We all know that kindness starts at home… but when it’s fostered in early childhood classrooms, “it really flourishes,” said Tynaya Quickley, pre-kindergarten teacher at The Bryn Mawr School.
Bryn Mawr has a four-year-old program as part of its Little School; but Quickley’s all-girls PreK class is part of its Lower School. The PreK program launched last year and this year’s class is small and mighty with 7 energetic students. The girls wear uniforms, participate in special area classes, and fully take part in the Lower School experience. “This is where our students begin to discover their voices, gain confidence and learn really important and foundational social and academic skills,” said Lower School Director Laurie Vennes.
One of those foundational skills is kindness and it permeates Bryn Mawr’s classroom culture, beginning with how Quickley interacts with students when conflict arises.
“I don’t ever tell or force students to apologize,” said Quickley. “Because I believe actions speak louder than words. Instead of asking a student to say that they’re sorry, I ask them how they can help their friend. The apologies come naturally.”
Encouraging students to stop and think about how their behavior affects others – and how they can remedy it by helping – is intentional modeling. Quickley finds it to be an effective classroom management tool, but modeling is something that parents can do at home to help their own child develop a sense of connectedness and responsibility toward others.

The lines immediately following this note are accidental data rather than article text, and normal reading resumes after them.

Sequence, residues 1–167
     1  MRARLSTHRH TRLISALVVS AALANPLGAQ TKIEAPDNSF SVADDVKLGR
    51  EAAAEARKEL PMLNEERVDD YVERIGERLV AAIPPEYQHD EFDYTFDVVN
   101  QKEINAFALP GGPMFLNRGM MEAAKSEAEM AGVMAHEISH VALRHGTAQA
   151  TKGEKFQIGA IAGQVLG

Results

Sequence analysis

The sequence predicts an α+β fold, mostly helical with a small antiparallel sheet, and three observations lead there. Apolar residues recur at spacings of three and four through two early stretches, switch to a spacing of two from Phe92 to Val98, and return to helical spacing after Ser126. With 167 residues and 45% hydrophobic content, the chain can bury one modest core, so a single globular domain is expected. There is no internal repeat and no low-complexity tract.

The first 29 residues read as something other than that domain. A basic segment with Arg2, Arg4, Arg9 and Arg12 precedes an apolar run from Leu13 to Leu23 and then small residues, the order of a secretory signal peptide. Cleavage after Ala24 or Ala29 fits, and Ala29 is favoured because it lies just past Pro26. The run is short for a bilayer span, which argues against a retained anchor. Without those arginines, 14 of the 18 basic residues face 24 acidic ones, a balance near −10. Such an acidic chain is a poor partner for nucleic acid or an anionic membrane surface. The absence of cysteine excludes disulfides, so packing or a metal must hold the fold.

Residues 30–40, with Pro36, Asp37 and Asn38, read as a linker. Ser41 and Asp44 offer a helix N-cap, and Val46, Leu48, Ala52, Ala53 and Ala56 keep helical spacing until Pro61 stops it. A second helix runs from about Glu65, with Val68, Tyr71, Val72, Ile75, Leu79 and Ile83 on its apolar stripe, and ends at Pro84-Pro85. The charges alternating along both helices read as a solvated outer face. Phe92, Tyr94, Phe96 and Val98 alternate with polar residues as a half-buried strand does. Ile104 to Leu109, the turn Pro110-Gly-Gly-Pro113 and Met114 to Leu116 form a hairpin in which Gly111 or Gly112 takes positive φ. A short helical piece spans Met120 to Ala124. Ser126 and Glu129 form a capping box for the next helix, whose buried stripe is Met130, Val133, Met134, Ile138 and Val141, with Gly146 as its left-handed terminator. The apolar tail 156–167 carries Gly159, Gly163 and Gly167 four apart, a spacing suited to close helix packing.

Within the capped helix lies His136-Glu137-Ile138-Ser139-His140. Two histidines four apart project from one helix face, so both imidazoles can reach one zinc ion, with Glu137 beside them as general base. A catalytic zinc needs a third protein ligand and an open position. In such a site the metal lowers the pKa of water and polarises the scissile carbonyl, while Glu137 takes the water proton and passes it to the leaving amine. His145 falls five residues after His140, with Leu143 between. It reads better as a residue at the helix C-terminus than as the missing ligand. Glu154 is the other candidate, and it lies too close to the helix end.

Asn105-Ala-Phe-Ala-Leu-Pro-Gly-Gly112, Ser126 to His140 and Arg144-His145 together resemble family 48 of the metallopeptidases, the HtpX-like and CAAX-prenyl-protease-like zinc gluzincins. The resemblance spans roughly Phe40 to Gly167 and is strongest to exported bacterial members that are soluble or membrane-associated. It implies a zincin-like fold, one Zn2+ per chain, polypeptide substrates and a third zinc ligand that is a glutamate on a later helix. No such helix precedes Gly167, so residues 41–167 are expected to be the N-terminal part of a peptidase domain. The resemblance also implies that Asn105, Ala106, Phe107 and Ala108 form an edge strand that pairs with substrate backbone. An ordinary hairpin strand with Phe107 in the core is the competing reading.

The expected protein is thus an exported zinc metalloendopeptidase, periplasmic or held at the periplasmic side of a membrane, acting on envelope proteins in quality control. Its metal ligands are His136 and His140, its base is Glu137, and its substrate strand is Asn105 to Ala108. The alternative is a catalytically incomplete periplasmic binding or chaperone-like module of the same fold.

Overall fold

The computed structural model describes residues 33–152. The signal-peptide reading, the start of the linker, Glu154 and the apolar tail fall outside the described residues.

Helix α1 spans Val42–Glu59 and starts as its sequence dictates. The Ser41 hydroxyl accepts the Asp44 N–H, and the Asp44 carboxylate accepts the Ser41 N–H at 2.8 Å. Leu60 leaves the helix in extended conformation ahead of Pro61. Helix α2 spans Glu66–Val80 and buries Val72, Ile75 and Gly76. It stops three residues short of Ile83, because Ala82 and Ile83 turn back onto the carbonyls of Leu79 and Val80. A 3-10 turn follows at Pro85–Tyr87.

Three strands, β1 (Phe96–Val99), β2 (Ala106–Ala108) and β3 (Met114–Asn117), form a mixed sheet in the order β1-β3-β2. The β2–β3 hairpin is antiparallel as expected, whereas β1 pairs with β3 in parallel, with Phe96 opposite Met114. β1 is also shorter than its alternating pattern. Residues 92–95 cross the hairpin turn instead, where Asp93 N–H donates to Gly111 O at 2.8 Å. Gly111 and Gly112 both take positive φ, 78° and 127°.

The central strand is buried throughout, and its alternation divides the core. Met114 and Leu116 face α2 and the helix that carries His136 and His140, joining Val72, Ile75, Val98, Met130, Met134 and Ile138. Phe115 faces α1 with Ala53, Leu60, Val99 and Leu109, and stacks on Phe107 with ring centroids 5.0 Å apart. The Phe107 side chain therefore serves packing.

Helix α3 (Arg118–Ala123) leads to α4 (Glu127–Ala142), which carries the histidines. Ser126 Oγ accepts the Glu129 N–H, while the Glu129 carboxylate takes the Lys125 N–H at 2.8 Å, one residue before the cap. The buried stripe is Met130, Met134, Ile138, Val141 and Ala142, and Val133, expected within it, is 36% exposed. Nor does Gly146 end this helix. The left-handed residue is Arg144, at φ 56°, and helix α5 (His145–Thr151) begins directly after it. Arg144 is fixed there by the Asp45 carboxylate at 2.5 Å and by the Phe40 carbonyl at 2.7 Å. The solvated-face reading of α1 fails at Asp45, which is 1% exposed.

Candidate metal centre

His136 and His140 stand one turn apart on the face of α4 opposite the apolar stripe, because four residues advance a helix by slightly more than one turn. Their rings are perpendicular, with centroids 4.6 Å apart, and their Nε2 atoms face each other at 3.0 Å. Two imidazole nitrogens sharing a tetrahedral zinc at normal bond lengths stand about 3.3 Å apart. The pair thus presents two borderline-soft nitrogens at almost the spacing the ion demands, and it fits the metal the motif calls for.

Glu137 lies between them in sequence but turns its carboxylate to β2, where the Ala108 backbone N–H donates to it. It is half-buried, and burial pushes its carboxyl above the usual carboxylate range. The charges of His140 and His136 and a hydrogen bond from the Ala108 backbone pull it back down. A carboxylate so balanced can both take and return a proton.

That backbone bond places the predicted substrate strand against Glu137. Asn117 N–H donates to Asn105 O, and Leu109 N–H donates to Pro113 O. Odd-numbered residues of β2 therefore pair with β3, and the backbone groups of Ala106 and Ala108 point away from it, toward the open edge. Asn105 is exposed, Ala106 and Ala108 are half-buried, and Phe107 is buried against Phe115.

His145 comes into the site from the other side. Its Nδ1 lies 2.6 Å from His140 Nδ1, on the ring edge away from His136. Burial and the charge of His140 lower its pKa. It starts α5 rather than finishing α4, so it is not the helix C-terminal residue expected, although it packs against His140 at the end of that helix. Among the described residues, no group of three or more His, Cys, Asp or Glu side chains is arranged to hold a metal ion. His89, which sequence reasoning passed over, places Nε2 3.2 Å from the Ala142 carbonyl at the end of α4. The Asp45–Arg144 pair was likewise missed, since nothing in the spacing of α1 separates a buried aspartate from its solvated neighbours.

Although, Quickley admits it’s not always as easy when it comes to her own child.
“Sometimes you just want to say ‘apologize!’ I’ve done it myself,” said Quickley, with a ‘been there, done that’ chuckle. “But it’s really important to listen to your child’s words and be present. Show them that you’re hearing what they say. When they say something unkind, ask them about it. A good choice of words is, ‘So I heard you say…is that right (or correct)?’”
Having your child think and reflect on their words will help them develop a sense of understanding about kindness, and why it’s important to be caring toward others.
And don’t forget to point out acts of kindness! Positively reinforce your child’s kind behavior by celebrating it. You don’t have to throw a party per se; but you’ll be surprised how much a squeeze and a “I’m so proud of you for helping your friend pick up those books!” means to a preschooler. Deepen the conversation by asking your child how they have experienced kindness.
Quickley’s students are spending the month of December observing kindness throughout the school day. Students have created a paper chain of kindness. Each link of the chain contains a kind act that students have seen or experienced in their classroom. For example, one student said that a friend played with her in the sandbox. Another student mentioned that a classmate helped her come up with a great idea when she was playing with plastic animals.
There are ten days left and Quickley is fairly sure they’ll have enough paper links to stretch across the classroom.
Bryn Mawr is currently accepting applications for their 2022-23 pre-kindergarten class. Find out more here.
Editor’s Note: This article is sponsored by The Bryn Mawr School. To learn more about the school, visit their listing in our independent school directory. Images were provided by the school.